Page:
An autumn rich in musicals in the West End may yet bring better ones, but it’ll be difficult to find a more eye-poppingly lavish show anywhere than Wicked. And a musical about the castings of spells seems to have duly cast its own and hypnotises audience who have embraced it as not so much a musical as an event.
With its towering environmental design by Eugene Lee that has a gigantic dragon dominating the proscenium and clattering its jaws menacingly at regular intervals, the show matches the scale of that vast warehouse of the Apollo Victoria, newly done out in green to match the prevailing colour tone of the show. But the show could leave you feeling a little green around the gills yourself as you succumb to the vertigo of its dizzying leaps of its convoluted plotting, shifting moods and defiant, sometimes deafening, melodies.
Is there a human scale to such a superhuman-sized show? That’s fortunately provided by the vibrant pairing of Idina Menzel, recreating her Tony award winning Broadway turn as Elphaba, brassily paired with the attractive Australian musical newcomer Helen Dallimore as Glinda, the two leads of this musical deconstruction of the “untold story of the Witches of Oz”. Their bravura, belting displays of vocal talent as they rip through Stephen Schwartz’s score of thumping power ballads sometimes turn this into the Pop Idol of musicals.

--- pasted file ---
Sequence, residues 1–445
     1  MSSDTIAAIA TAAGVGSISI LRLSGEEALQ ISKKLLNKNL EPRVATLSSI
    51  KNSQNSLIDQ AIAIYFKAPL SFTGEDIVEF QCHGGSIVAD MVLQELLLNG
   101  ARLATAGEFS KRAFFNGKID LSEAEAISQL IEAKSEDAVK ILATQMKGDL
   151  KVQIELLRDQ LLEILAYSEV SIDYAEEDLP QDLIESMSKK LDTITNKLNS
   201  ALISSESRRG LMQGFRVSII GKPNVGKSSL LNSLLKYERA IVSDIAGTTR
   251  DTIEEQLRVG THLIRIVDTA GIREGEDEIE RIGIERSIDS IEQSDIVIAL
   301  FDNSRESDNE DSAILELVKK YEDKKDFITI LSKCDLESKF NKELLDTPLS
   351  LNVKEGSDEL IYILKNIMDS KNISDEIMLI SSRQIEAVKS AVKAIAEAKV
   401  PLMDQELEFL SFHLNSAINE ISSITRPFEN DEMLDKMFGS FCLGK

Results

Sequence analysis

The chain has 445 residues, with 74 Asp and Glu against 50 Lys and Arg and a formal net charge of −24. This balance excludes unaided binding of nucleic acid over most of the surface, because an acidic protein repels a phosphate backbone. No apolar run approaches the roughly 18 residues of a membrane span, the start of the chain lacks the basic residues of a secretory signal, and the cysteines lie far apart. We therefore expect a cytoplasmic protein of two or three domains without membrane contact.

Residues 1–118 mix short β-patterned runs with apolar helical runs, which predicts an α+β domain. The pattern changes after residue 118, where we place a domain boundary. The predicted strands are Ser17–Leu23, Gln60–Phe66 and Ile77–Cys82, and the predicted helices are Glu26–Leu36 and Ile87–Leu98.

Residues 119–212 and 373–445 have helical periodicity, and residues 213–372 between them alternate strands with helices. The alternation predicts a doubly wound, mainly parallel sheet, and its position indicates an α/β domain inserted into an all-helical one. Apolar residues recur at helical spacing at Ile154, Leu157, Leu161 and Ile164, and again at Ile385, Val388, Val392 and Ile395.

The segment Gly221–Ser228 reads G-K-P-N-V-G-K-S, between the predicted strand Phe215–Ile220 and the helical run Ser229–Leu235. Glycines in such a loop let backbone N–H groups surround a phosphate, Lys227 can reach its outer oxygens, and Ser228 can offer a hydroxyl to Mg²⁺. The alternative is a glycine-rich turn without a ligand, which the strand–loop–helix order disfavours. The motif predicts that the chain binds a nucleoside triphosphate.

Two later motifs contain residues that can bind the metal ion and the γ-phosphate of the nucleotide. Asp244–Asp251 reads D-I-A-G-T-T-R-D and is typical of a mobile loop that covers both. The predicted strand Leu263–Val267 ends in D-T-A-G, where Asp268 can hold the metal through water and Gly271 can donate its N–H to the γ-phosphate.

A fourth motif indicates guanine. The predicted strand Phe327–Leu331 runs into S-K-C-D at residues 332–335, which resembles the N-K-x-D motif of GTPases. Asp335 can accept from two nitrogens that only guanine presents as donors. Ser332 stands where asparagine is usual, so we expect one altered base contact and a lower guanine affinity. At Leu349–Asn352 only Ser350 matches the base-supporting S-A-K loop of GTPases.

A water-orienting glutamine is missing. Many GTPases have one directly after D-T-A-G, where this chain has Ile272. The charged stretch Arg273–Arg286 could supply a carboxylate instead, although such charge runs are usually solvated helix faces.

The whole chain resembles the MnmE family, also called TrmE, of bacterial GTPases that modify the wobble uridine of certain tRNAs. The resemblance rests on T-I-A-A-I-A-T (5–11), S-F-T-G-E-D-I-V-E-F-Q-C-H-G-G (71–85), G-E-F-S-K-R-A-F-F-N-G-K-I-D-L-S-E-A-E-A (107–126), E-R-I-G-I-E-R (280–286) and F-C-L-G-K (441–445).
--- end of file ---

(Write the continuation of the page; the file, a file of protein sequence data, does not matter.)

Just as Stephen Sondheim and James Lapine’s Into the Woods 1987 musical famously offered a deconstruction of popular fairytales sent into collision with each other, so Wicked unpacks the Wizard of Oz back-story, long before Dorothy (mentioned but never seen) found she wasn’t in Kansas anymore.
Based on Gregory Maguire’s 1995 novel, the musical offers a ferocious battle of wills (and top notes) between these two sparky young women, Glinda and Elphaba, who meet at a sorcery school (spot the Harry Potter-ish connection), presided over by Miriam Margolyes’s battleaxe headmistress Madame Morrible. After initial hostilities and rivalries in love, the two form an alliance as they discover that “something odd/is happening in Oz”, and set themselves on a course of collision with the authorities, and into animal liberationists.
Meanwhile the Wizard of Oz, whom they go to for help, turns out to be a weak, ineffectual deity in the shape of Nigel Planer who finds it politically expedient to demonise Elphaba and says, “Where I come from, everyone knows: the best way to bring folks together is to give them a really good enemy.”
That gives the show a surprisingly topical resonance, as the show strives to work on several different levels simultaneously. But if it is also rather strenuously overcrowded in the narrative department, Joe Mantello’s meticulous re-creation of his Broadway production is a superbly staged exercise in crowd control and stage-craft that with its Cirque du Soleil-like production values turns it into a glittering cartoon bubble of a show.
The result taps into a genuine public appetite for spectacle, art and heart, and this demanding, sometimes commanding musical provides it in spades.